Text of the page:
A new study suggests neutrophil metabolism determines how these immune cells support lung cancer tumors, making them more drug resistant. The researchers say this could point to a “Achille’s heel,” for lung tumors, allowing for novel treatment approaches.
The team was led by Etienne Meylan at EPFL’s School of Life Sciences. Their work is published in Cancer Research, a journal of the American Association for Cancer Research.
Since cell metabolism in cancer becomes deregulated, these researchers looked at whether the metabolism of cells in the tumor microenvironment also changes, and whether that could affect a cancer’s growth.
Using a genetically-engineered mouse model of lung adenocarcinoma, the scientists isolated tumor-associated neutrophils (TANs) and compared their glucose metabolism to that of neutrophils from healthy lungs.
They found that the TANs take-up and metabolize glucose much more efficiently than neutrophils from healthy lungs. The researchers also found that TANs express a higher amount of a protein called Glut1, which sits on the cell’s surface and enables increased glucose uptake and use.
“To understand the importance of Glut1 in neutrophils during lung tumor development in vivo, we used a sophisticated system to remove Glut1 specifically from neutrophils,” says Pierre-Benoit Ancey, the study’s first author. “Using this approach, we identified that Glut1 is essential to prolong neutrophil lifespan in tumors; in the absence of Glut1, we found younger TANs in the microenvironment.”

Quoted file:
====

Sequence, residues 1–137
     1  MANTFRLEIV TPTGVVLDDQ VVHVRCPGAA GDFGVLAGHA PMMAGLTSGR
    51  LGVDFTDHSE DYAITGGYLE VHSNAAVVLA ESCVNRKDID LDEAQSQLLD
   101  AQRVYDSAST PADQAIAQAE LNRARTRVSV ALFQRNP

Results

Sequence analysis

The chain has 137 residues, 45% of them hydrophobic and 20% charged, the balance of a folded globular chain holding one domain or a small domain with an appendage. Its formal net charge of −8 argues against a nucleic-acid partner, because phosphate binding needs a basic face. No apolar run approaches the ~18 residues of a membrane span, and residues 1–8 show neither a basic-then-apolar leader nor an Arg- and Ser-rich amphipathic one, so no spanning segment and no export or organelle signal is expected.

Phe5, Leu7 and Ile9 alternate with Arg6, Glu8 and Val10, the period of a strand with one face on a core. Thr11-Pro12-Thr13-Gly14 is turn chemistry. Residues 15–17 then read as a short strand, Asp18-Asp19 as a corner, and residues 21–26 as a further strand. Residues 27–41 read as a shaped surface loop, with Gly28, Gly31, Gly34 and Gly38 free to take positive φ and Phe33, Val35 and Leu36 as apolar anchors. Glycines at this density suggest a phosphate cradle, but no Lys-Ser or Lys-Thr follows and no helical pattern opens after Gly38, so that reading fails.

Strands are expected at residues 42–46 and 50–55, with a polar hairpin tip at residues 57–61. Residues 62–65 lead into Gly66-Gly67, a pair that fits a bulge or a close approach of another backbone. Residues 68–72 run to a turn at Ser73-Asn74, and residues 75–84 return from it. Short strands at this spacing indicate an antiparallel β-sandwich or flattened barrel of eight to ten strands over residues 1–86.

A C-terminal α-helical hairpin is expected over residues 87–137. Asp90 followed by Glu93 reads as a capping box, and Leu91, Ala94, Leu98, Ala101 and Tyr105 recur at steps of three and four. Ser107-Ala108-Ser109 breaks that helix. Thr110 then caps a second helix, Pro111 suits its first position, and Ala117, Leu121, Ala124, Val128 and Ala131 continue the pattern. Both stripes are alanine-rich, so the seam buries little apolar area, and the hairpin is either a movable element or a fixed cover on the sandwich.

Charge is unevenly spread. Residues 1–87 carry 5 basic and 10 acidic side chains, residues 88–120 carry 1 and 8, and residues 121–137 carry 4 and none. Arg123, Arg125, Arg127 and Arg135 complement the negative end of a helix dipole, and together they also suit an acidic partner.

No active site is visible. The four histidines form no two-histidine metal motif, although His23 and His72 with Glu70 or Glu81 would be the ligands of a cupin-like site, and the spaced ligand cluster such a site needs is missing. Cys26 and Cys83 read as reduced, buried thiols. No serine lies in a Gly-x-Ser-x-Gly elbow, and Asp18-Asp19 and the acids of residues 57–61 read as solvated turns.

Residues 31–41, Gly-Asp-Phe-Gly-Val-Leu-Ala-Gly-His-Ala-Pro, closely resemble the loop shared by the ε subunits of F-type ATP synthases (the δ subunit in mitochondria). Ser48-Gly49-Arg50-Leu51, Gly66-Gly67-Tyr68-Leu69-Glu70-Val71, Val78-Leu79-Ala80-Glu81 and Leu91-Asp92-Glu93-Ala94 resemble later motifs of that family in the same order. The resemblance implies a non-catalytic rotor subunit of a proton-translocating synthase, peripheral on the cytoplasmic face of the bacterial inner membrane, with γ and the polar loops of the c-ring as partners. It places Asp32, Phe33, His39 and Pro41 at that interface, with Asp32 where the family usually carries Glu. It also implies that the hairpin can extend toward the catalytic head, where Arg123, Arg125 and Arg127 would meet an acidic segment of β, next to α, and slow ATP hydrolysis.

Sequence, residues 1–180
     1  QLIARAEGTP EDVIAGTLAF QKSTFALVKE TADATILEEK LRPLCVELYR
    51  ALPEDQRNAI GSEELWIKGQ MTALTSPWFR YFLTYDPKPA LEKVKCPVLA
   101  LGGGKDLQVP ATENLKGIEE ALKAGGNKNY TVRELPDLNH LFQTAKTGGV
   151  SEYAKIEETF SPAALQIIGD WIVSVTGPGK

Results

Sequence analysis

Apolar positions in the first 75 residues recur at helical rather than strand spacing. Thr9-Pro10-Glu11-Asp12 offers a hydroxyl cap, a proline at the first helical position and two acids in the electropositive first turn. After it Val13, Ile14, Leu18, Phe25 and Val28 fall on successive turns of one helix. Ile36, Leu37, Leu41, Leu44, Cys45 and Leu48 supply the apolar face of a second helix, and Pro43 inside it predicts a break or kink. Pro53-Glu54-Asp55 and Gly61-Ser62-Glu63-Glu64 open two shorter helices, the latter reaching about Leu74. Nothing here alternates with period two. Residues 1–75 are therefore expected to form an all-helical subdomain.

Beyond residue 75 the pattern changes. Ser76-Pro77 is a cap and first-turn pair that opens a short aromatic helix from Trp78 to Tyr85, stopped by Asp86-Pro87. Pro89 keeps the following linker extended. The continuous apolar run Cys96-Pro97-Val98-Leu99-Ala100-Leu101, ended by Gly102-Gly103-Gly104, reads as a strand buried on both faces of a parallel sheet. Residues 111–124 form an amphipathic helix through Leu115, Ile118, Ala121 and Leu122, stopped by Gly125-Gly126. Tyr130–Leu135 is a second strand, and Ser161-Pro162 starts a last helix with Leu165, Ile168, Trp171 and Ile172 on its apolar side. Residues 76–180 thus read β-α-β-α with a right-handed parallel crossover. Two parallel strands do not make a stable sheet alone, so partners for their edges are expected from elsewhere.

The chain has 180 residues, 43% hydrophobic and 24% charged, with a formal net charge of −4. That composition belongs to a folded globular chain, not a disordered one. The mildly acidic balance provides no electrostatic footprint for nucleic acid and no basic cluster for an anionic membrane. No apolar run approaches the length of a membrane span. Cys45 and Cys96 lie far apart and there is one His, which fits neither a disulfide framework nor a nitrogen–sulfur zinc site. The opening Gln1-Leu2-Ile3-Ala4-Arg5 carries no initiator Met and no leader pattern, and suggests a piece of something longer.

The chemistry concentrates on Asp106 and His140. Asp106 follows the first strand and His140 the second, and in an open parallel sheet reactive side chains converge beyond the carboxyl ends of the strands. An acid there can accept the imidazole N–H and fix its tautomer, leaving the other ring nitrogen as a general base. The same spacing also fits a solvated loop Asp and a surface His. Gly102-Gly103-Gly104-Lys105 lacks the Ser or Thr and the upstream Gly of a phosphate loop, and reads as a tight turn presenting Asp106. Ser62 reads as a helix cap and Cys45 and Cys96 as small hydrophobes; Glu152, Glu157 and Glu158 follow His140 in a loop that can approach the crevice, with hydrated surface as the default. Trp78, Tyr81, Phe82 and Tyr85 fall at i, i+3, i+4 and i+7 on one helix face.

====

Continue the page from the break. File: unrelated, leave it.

Using X-ray microtomography to monitor adenocarcinomas, the researchers found that removing Glut1 from TANs led to lower tumor growth rate but also increased the efficacy of radiotherapy, a common treatment for lung cancer. In other words, the ability of TANs to metabolize glucose efficiently seems to bestow the tumor with the ability to resist treatment – at least in lung cancer.
The scientists think that, because Glut1 loss diminishes the lifespan of TANs, their “age” determines whether they play a pro- or anti-tumor role. “Usually, we don’t know how to target neutrophils, because they are so important in innate immunity,” says Etienne Meylan. “Our study shows that their altered metabolism in cancer could be a new Achilles heel to consider in future treatment strategies. Undoubtedly, we are only beginning to learn about these fascinating cells in cancer.”
Lung cancer is the major cause of cancer related-death around the world. While there are a number of treatments for this condition, including chemotherapy, radiotherapy and immunotherapy, drug resistance is a major problem. Small cell lung cancer (SCLC), the most malignant type of lung cancer, displays lower differentiation and rapid progression. Although SCLC patients are initially very sensitive to treatment methods drug resistance is still a major clinical challenge.